“Music is a river that connects us all as humans. Each and all of us responds to music and it connects us in a way like nothing else. It’s a great medium for unity.”
Those are the words of Alhaji N'jai, who along with Linda Vakunta, hosts the PanAfrica Radio Show every Saturday from 2-4 p.m. on WORT Radio 89.9 FM. The duo’s entertaining 2-hour program has risen in popularity over the last few years as more and more people have begun to discover the hidden jewel that is African music.
“In Africa, we have almost 2,000 ethnic groups and languages. There’s so much music on the continent,” N’Jai tells The Madison Times in an interview at WORT Radio Studio in downtown Madison. “Only 5 or 10 percent [of African music] gets popular to the outside world. Some of the music is dying because of a lot of varied factors — the music is not recorded or the language is dying because of war, poverty, famine, etc. Part of what we want to do is to connect people to diverse and obscure African music and to keep the music alive.
“Being in a community station like this, you are doing things for the community but it’s also connecting us back to our culture [and] our music,” he adds. “We enjoy the huge amount of education it is bringing. Music connects us all in ways we don’t even know. We are always digging up music but then we find a little story behind it and we are like, ‘Wow! I didn’t know this.’ It’s educational for us and the audience.”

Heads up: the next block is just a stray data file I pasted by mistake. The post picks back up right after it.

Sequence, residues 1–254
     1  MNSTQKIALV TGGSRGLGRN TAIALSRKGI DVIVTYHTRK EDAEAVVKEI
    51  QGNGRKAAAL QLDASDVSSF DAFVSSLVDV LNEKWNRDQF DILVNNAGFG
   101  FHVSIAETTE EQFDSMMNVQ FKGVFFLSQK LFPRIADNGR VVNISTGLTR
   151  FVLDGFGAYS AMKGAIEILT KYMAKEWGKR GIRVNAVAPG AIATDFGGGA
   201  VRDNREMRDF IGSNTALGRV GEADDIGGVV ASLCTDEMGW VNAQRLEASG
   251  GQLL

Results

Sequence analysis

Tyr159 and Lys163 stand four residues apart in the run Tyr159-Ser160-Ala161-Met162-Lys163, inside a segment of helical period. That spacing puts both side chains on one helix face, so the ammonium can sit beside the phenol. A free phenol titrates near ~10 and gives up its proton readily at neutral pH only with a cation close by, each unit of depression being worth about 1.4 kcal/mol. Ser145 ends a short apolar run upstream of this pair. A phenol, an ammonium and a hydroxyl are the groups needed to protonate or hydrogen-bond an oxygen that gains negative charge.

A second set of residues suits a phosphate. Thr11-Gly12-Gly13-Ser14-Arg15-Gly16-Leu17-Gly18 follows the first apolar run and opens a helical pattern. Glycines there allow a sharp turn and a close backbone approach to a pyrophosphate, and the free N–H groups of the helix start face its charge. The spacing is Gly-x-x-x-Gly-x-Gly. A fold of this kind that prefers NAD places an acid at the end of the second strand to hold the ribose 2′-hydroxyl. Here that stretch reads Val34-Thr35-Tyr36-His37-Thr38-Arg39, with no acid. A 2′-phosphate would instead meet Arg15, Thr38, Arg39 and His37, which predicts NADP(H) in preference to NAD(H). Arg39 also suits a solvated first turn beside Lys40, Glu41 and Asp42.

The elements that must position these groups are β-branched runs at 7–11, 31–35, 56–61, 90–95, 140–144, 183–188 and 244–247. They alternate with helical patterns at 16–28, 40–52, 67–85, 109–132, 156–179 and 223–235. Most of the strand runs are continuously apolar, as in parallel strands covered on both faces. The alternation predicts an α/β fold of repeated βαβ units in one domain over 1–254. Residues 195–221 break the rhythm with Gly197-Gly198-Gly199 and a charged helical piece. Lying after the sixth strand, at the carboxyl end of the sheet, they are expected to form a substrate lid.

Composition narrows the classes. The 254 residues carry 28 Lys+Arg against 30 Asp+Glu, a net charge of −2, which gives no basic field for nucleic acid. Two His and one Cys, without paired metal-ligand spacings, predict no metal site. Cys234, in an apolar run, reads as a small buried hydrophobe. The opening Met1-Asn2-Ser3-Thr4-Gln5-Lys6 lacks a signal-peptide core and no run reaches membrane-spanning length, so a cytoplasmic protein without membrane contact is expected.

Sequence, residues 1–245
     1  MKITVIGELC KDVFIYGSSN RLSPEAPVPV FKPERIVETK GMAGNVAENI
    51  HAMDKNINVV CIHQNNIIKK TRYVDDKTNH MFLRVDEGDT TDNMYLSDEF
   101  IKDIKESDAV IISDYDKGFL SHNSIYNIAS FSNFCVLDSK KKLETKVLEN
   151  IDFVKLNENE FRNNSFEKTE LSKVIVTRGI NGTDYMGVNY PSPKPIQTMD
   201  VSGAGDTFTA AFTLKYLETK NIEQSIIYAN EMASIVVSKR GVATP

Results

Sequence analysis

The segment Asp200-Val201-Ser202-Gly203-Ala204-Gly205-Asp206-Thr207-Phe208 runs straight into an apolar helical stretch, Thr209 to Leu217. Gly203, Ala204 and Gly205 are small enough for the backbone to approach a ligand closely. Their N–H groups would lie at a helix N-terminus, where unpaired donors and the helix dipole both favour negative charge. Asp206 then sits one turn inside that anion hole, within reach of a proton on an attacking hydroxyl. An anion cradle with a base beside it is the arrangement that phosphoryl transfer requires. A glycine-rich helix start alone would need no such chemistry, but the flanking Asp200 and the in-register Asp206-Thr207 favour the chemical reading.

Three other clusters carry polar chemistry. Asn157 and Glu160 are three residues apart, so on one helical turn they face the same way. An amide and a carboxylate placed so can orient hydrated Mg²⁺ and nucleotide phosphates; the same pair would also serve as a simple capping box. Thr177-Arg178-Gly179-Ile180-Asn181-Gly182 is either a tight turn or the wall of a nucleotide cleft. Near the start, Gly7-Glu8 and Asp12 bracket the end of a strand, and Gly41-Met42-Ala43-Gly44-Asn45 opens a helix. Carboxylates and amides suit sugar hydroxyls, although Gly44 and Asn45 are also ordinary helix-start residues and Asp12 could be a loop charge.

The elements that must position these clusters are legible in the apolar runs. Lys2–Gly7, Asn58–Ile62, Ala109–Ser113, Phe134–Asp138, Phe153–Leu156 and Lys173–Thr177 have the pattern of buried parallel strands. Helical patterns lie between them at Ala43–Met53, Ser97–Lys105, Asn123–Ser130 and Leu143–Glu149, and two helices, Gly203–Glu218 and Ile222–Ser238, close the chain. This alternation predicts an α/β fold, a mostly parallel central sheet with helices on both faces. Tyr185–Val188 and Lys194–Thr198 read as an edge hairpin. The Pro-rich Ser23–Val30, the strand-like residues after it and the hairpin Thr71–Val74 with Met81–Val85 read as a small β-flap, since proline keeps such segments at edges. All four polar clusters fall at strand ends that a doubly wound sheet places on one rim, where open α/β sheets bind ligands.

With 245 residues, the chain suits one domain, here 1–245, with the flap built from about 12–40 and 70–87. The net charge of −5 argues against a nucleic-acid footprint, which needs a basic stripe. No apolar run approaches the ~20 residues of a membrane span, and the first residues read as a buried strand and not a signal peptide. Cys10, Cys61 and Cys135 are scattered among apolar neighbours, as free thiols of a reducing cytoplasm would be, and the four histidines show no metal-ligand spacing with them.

The show has made a tremendous impact on the local community. “We’ve had sick people call us and tell us, ‘Oh, this music is making us forget our pain for two hours,’” smiles Vakunta who has been hosting the show for four years. “Or we’ve had people come up to us at festivals and events and say, ‘You’re music really gets me going! I love it!’ The larger impact that we have on the community is really powerful and that’s what keeps me coming back to the radio.”
N'jai comes from a very musical and cultural background growing up in West Africa .
“Coming from Senegal, Guinea, and Sierra Leone myself, I was also exposed to many different styles,” N’Jai says. “We really consciously make sure we are balanced in the music. We do go by countries sometimes and will concentrate a show on one or two countries. We do the Tour of Africa. We not only look at Africa but the entire Diaspora. We look at Caribbean, we look at South America, and we look at the U.S.
“Coming to the U.S., I’ve discovered a lot of blues, jazz, and Afro-Cuban music. It’s always fascinating to me,” N’Jai adds. “We have so much music. We always are wondering how we can just stream the show 24/7 in some Pandora [Internet Radio] way.”
Vakunta is originally from Cameroon in west-central Africa where she, too, was raised around diverse music.
“Growing up in Cameroon, I really got exposure to many genres and music from different countries,” she says. “At the time, I didn’t know they were from different countries, but through doing the show I found out so much. That experience as a child transfers to when we do the show. I’m always trying to bring in songs from as many different countries as I can. There are great songs from so many different countries. It’s just always being conscious of all the great music.”